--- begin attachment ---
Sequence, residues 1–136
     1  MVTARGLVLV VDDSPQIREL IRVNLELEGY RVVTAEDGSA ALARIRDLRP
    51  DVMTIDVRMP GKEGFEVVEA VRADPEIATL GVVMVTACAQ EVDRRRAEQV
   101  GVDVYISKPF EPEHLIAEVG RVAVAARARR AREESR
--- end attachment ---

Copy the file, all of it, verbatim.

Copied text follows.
Sequence, residues 1–136
     1  MVTARGLVLV VDDSPQIREL IRVNLELEGY RVVTAEDGSA ALARIRDLRP
    51  DVMTIDVRMP GKEGFEVVEA VRADPEIATL GVVMVTACAQ EVDRRRAEQV
   101  GVDVYISKPF EPEHLIAEVG RVAVAARARR AREESR